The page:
I was born in Tortosa (Tarragona) in 1929. Fr. Claret, on his apostolic journeys across Catalonia, never reached Tortosa, nor have ever been any Claretian Missionaries in my land. Therefore, as a child, I never heard of Claret, nor knew any Claretian. It was due to circumstances of the Spanish civil war from 1936 to 1939 that my family had to move to Vic where, at the end of the war, I first came to know Saint Anthony Maria Claret through the contact with the Claretian Missionaries of this town. At that time I was 11 years old and it was during those postwar years that I began to go quite often to the (improvised) church of La Mercè, where the tomb of Saint Anthony Maria Claret was venerated, at the time being a Beat. (more…)
The first love letter I received from Father Claret was delivered to me through his autobiography, number 33, as he describes his attitude to the weakly, as follows:“Whenever we had to correct anyone, it upset me a great deal; yet I did my duty. I always tried to find something good to say about the piece of finished work. I would praise its good points, saying that this or that about it was very good but that it had such and such a defect and if these little defects were corrected, it would really be a perfect job.” (more…)
I heard it many times before. Claretians are missionaries who go to places where others would dare not go. Clever promotional pitch in a flyer posted in our school’s Guidance board. At that time, I was already accepted to join the Redemptorist seminary after my graduation. Yet for some mysterious reason I found my way to Claret Seminary in the summer of 1995. There, I was introduced to the person of Claret through the study of his Life. More to it, we were taught about the Ideal in his mind which contained the defining character of a Claretian missionary penned by Claret himself: delight in privations, welcome sacrifices, rejoice in being humbled, and glory in torments and persecutions. Are they for real? Who are these people? I couldn’t help but be skeptical about it. To my mind, either they are very bold or incurably crazy. They give up security, comfort, control, and the precious gift they possess – their very lives. (more…)
Fr. Claret has been a mentor for me since my childhood. I together with my family used to go to the church of La Mercè, where his sepulchre was worshiped, on the festivity of Our Lady of Bon Succés, at the 11:00 a.m. Mass or when there was a deceased relative or acquaintance and on some Sunday afternoons at the services (more…)
First of all, I must say that unlike and far from Claret, it seems that I do not find time to write these lines suggested by my Claretian brothers after my stay in Vic last year, where I was so well treated, just like by the brothers of Barcelona.
Last year I went to those places that are so significant for the Claretian family, on a trip I made to Rome. (more…)
When I was about three years old I used to play unconsciously with an object similar to the known “metal badges” for tapping soda bottles; but it must have been glass. My grandmother Irene, making an exception with me, allowed me to do so, despite the fact that there was inside something very precious for her: “the relic of Fr. Gil”. Years later I understood that it was a teak wood piece that contained a relic of Fr. Claret. This happened around 1951, (more…)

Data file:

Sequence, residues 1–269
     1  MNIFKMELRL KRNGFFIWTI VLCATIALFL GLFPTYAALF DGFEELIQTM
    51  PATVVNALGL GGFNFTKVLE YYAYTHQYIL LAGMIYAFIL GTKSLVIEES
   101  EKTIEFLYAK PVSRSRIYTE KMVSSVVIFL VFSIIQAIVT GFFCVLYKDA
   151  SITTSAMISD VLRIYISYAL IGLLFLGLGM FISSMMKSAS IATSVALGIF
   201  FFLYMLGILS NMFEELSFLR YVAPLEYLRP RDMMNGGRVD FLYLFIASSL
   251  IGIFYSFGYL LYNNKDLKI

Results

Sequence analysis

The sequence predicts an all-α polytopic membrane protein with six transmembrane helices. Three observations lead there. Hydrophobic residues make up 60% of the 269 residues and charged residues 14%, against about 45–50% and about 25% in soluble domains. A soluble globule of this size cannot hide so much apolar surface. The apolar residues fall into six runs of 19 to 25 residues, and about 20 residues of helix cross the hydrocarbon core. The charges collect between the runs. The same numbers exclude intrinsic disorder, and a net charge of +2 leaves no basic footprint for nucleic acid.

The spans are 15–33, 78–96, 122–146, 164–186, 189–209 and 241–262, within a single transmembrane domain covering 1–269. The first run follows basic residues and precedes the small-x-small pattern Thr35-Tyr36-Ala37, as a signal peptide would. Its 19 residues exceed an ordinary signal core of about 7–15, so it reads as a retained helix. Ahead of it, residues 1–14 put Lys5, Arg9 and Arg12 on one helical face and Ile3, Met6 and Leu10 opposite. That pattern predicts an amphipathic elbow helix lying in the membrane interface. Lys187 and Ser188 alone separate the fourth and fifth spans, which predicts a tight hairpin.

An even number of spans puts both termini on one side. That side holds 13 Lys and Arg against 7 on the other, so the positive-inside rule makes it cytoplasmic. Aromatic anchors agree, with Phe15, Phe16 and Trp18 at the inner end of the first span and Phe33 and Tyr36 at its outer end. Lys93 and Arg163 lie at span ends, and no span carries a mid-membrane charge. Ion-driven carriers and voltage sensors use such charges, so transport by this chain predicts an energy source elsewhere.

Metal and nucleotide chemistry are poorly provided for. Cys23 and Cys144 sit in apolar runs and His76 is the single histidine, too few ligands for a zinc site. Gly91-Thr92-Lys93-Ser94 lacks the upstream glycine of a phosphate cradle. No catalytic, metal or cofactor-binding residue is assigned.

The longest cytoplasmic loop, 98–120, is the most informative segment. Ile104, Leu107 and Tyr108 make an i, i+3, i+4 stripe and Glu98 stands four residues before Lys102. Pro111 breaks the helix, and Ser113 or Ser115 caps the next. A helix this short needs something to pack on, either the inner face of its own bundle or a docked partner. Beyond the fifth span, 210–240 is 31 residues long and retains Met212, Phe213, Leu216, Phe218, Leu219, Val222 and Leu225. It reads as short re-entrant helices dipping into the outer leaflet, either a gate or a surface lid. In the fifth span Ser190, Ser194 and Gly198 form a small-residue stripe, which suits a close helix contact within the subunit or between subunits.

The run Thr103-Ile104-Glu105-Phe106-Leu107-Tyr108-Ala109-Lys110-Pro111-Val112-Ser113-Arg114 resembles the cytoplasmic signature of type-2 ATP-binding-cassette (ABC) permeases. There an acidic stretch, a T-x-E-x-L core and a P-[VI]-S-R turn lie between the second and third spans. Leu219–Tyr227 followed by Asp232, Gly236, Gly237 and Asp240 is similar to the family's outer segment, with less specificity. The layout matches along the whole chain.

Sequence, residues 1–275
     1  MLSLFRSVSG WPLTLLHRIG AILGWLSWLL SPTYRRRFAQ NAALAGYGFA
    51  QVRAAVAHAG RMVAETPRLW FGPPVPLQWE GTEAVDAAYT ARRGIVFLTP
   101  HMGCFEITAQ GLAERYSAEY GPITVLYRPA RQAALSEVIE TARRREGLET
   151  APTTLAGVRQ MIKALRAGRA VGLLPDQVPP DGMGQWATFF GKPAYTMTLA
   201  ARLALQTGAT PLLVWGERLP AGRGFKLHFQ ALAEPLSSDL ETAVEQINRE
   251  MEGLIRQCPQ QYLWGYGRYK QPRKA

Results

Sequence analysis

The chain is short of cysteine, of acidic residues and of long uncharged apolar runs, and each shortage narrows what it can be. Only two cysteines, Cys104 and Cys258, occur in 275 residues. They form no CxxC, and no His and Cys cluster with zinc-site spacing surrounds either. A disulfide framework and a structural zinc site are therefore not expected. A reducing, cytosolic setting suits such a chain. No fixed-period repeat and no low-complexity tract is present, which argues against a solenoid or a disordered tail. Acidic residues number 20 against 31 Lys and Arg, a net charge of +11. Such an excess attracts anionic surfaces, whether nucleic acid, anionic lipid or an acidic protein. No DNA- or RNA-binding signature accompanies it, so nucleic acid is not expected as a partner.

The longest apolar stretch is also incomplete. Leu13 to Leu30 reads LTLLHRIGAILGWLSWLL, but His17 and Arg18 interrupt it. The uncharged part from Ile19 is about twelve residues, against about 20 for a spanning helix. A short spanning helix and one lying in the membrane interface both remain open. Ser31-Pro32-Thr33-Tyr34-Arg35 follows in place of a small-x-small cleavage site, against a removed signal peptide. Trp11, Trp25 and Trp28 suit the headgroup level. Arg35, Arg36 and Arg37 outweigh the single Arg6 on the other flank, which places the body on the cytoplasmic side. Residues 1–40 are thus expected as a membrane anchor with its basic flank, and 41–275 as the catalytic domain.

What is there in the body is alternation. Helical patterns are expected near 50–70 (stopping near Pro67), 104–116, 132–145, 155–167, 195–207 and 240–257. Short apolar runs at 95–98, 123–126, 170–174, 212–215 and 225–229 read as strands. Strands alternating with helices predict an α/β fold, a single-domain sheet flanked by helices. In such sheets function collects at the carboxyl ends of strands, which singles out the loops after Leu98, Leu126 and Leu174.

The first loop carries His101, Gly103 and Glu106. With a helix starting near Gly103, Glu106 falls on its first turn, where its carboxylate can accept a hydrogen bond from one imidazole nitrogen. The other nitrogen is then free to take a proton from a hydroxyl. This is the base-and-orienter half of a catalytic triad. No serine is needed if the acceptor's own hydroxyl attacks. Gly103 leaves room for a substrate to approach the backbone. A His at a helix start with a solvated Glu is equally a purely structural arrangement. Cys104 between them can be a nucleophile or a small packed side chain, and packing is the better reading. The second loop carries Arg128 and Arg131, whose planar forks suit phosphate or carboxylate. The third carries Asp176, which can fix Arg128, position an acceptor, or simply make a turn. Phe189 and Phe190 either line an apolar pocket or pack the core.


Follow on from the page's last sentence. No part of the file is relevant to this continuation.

What features of Claret are a challenge and a stimulus for me as a claretian missionary in Japan?
My name is Marcel·lí Fonts. I was trained in the Province of Catalonia. I was ordained a priest on August 8, 1971. In 1973 I was sent to Japan. Along the 45 years of my missionary service in Japan I have carried out various ministries and positions, but mainly I have devouted many years to the training of our seminarians as well as collaborating with various training centres in Asia. (more…)
I first heard about San Antonio María Claret at home, when I was very young, few years after his canonization. My mother-side grandmother used to tell me that in Viladrau, where she spent some summer time in her childhood, local people still remembered and commented the apostolic activity of the Saint with great admiration and devotion, his healings and especially the miracle of extinguishing a fire in that village.
I had a first contact with the Claretians when I accompanied my grandmother to the old “Gráficas Claret” (more…)
With utmost affection I date back to Teresa, my matern grandmother. My childhood years are accompanied by her, I visit with her the chapel that the Claretian missionaries had in Conde De La Cañada Street in Ciudad Real. In that place in La Mancha, whose name I do want to remember, a good number of novices gathered, who endured harsh winters and hot summers. In the evenings she liked to pray the rosary with her grandchildren, and there and then was how I began the pious relationship with Mary, which later became that of a son, lover and shelter. (more…)
The first memory of our Founder that I keep in my mind is from when I was six years old, on the occasion of his canonization, on May 7, 1950. The students of the School of the Heart of Mary marched down the streets, with little flags of the Vatican in our hands and singing a hymn that became popular: “Cantem tots amb veu fervent del gran Claret la glòria i santedat…” (Let us sing with fervent voice the glory and sanctity of the great Claret…). Claret has been a familiar figure to me since my childhood. The episodes that Claret himself relates in his Autobiography and that we found illustrated in children’s publications were part of my imaginary world naturally: (more…)